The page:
Eye in the Sky by Philip K. DickGoogling "and Google earth for overhead views of our positions" produces 272 results, and that cuts out some which are formatted a little differently. In the majority of its appearances, it is presented as fact. And it's all the rage on the rightwing blogs where it is frequently referred to as "the truth" or as "intel," though it even appears in a diary at Daily Kos.

In only one instance in my quick skim through the Google hits did I see someone question the veracity. Someone pointed out that Google Earth images are not real-time and so it is actually impossible for Google Earth to show Al Qaeda "our positions" unless we've been holding those positions for an awfully long time, as seems to be the case with those secret CIA jails. I saw a Google Earth picture of one of those in The Washington Post, I think.

Actually doing what is described would involve making Google overlays out of current satellite images or aerial photos, which would either involve major purchases that no one would approve from the companies or governments holding the satellite imagery, or else using planes to take aerial photographs—and then the big story would not be that Google Earth was used by Al Qaeda, but that Al Qaeda had recognizance planes up in the sky taking pictures of our positions.  Google Earth just makes viewing the pictures a little easier once you've got them; despite the Washington Post's claim to the contrary, it is not an omniscient Eye in the Sky.

I had a look at how the phrase fared on Blogpulse:


What happened right before our phrase makes it onto the chart? Hint: That was the peak of the buzz surrounding the CIA's secret jails. So, um, who are we really, and what are these positions that people shouldn't be looking at? Hmm?

Now Google Earth is a very useful tool, and it would stand to reason that underground organizations would find it just as useful as I do. What I don't understand is why real journalists who are paid to do this sort of thing can't be bothered to get some real evidence before putting this claim in their articles. Perhaps they might also want to write about the grandmother of a friend of my friend who was in a bit of a hurry and so tried to dry her poodle in the microwave . . . And did you know that Al Qaeda is now using these exploding poodles in Iraq?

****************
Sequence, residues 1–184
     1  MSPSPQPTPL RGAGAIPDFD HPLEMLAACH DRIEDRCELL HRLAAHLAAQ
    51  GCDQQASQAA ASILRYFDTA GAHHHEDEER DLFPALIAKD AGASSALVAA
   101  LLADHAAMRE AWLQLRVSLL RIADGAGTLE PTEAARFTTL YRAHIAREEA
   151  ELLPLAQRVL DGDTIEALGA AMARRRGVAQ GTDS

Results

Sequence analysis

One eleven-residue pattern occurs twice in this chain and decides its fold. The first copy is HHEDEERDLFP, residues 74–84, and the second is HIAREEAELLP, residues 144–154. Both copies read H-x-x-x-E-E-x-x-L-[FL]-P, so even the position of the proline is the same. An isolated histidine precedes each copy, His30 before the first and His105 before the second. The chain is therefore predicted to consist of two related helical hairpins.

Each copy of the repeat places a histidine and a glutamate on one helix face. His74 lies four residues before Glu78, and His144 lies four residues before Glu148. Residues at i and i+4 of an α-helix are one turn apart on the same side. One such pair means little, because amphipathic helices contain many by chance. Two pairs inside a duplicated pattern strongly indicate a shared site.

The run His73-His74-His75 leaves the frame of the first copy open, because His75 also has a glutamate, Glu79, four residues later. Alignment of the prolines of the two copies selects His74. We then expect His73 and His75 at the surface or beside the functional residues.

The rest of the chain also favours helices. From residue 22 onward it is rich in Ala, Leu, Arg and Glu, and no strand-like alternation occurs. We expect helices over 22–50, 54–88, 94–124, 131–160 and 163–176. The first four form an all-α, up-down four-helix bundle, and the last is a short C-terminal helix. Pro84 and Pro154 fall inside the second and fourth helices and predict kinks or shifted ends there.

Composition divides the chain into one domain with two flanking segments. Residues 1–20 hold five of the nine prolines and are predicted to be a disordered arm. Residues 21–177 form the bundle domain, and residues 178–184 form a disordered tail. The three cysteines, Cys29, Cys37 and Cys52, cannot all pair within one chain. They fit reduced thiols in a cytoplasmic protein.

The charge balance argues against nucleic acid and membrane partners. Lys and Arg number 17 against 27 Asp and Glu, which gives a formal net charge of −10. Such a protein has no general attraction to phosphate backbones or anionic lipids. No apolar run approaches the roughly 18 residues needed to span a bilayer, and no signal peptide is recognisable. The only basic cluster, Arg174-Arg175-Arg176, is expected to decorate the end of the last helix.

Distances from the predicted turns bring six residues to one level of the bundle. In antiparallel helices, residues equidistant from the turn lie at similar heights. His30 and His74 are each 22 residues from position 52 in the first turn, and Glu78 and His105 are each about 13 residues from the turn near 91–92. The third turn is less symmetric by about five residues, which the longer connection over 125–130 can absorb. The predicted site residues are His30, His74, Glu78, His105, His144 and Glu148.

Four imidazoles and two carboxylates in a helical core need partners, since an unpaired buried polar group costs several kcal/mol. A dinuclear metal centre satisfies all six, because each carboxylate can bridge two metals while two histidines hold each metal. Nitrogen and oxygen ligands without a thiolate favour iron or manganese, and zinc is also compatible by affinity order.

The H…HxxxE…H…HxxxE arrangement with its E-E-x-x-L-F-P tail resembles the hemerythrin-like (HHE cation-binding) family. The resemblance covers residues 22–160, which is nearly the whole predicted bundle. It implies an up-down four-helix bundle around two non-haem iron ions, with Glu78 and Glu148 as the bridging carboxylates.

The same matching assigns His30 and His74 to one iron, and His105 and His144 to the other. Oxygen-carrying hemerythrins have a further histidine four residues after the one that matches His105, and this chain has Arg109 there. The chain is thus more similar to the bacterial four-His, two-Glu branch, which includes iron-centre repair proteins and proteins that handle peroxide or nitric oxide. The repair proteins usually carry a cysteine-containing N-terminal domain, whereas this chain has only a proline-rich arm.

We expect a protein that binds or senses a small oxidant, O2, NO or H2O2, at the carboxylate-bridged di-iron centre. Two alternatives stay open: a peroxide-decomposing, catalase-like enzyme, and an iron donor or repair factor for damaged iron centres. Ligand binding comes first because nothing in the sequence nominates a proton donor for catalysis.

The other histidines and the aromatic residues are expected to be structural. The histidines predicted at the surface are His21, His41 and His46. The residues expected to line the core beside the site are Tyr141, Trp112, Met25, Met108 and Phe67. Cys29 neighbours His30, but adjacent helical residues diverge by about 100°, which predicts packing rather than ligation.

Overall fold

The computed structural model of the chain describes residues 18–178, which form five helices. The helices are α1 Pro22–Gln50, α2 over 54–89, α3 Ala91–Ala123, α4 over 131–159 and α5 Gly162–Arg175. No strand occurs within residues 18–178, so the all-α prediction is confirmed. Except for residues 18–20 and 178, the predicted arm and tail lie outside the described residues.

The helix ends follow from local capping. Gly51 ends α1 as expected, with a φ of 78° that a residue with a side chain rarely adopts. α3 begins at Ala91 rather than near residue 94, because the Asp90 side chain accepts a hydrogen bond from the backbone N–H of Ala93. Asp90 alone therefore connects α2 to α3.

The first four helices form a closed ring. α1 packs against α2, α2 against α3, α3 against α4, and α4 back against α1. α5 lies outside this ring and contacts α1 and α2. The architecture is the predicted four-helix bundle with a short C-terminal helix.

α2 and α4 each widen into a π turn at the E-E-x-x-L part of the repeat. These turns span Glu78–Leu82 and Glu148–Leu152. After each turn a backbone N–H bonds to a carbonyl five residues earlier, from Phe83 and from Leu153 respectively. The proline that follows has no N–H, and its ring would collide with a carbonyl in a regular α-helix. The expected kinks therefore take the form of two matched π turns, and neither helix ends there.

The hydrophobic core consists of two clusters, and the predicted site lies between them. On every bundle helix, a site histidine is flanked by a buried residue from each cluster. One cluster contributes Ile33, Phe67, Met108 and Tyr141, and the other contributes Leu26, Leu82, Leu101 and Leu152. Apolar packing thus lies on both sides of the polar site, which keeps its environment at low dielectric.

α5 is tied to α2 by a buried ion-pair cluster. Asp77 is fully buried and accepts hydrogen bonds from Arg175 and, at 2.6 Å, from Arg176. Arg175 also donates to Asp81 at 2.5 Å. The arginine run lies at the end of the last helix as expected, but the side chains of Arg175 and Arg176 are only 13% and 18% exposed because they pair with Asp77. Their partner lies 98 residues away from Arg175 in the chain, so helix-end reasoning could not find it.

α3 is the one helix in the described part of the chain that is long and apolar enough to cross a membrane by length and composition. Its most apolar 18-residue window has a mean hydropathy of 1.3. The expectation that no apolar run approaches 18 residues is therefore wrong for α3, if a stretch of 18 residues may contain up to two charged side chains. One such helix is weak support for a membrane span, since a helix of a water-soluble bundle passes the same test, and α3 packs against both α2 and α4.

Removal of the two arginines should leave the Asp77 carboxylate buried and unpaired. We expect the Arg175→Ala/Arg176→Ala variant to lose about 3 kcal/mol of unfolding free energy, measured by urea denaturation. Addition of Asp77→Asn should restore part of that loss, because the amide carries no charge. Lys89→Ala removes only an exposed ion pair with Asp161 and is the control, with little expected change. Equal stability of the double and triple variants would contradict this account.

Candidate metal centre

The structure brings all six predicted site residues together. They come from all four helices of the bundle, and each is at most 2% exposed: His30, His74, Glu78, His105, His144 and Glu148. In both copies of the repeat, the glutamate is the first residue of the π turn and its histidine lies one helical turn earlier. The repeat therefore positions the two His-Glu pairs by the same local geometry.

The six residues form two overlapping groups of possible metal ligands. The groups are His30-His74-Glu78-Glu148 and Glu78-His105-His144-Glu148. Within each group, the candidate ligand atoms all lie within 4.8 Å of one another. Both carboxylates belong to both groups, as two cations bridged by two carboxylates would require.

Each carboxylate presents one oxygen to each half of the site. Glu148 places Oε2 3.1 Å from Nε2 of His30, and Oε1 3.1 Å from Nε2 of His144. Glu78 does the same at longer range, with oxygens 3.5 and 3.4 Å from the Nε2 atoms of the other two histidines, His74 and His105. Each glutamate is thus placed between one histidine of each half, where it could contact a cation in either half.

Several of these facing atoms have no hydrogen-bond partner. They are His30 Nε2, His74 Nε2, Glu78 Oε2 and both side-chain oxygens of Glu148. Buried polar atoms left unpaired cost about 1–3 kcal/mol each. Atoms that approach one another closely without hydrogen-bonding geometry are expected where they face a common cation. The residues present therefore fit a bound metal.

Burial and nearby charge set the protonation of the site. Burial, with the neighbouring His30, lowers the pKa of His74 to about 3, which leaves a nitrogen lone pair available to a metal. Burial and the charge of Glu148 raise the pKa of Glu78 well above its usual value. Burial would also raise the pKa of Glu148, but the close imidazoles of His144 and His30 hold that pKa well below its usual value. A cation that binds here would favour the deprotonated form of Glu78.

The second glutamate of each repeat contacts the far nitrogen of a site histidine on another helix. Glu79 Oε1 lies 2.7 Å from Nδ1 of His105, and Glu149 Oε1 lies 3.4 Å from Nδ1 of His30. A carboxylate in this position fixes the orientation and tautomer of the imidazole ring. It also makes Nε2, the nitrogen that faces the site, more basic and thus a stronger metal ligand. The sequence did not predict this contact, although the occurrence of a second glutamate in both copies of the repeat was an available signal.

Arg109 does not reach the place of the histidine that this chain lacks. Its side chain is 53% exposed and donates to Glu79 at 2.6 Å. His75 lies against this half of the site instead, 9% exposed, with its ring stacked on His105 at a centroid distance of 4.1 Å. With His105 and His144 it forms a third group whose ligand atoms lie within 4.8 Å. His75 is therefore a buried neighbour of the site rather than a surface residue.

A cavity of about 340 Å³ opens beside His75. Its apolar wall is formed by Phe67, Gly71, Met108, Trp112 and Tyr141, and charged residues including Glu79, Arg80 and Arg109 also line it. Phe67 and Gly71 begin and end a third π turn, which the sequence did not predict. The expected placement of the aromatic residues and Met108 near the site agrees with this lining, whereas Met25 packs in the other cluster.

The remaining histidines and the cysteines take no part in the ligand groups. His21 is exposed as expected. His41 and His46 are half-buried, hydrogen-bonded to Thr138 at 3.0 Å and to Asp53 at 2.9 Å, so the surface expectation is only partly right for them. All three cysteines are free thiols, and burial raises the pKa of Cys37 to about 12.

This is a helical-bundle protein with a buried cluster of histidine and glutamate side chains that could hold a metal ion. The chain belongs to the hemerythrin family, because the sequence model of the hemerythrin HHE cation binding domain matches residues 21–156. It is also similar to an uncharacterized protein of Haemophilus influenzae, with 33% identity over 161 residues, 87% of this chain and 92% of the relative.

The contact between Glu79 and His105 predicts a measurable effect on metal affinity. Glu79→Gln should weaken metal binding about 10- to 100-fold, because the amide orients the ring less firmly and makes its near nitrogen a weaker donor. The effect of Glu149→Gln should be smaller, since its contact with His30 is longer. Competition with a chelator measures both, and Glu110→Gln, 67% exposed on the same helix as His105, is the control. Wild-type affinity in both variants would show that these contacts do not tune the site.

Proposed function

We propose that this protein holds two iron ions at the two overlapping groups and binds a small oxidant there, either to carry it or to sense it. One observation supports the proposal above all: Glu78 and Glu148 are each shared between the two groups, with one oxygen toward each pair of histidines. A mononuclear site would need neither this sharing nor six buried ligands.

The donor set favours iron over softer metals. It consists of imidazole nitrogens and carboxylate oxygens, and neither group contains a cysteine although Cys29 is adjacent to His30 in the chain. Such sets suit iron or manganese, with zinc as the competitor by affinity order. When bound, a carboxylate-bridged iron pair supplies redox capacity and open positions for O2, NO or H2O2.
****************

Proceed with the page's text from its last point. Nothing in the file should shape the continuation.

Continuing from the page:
My suspicion is that what we have here is a piece of high-grade astroturf, which is to say an honest-to-God work of propaganda. (I thought they weren't supposed to write propaganda for the domestic market. I thought that was supposed to be illegal.)

MEANWHILE, Wired reports that the CDC is looking into using computer gaming as a way to better train people how to respond in case of an avian flu pandemic. (Via Declan Butler.)

P.S.: The book is by Philip K. Dick, copyright 1957. So the concept of the Eye in the Sky  isn't merely phildickian. It's Phil Dick's.

Magnetic Poetry on Flickr

  Originally uploaded by Greg's Team.

I suppose I should have thought to look for it before. I just discovered the magnetic poetry on Flickr.

My goodness.

Our own magnetic poetry, generated at Sarah Smith's house in Brookline in the big blizzard of February of 2003, is collected here, in a post entitled Great Minds Sink Ships, though not typeset in the original magnets.

US Isolationism & Avian Flu

From yesterday's New York Times editorial, The Flu Moat:

Congress is expected to vote next week on a bill that would dedicate $7.1 billion to fight avian flu. It's good that the Bush administration, which wrote the proposal, is taking this disease seriously. What's bad is that the strategy seems to be to build a moat around America.

A vast majority of the money would go to the development and administration of a flu vaccine. That is necessary. But since there is no guarantee that an effective vaccine will be ready, much less ready in necessary quantities, if a pandemic strikes, it should not be the only line of defense.

The best hope of stopping a pandemic, or at least buying time to respond, is to improve surveillance and health practices in East Africa and Asia, where one would probably begin. But the bill would spend only $251 million overseas, and that includes money to evacuate Americans. Leaving aside the moral implications of doing very little for poor countries, this bill is dangerous for Americans' health.

(Via Declan Butler.)

The Nobel Peace Prize Is Bully Pulpit

AP: ElBaradei accepts Nobel prize: Nobel laureate says world must abandon nuclear weapons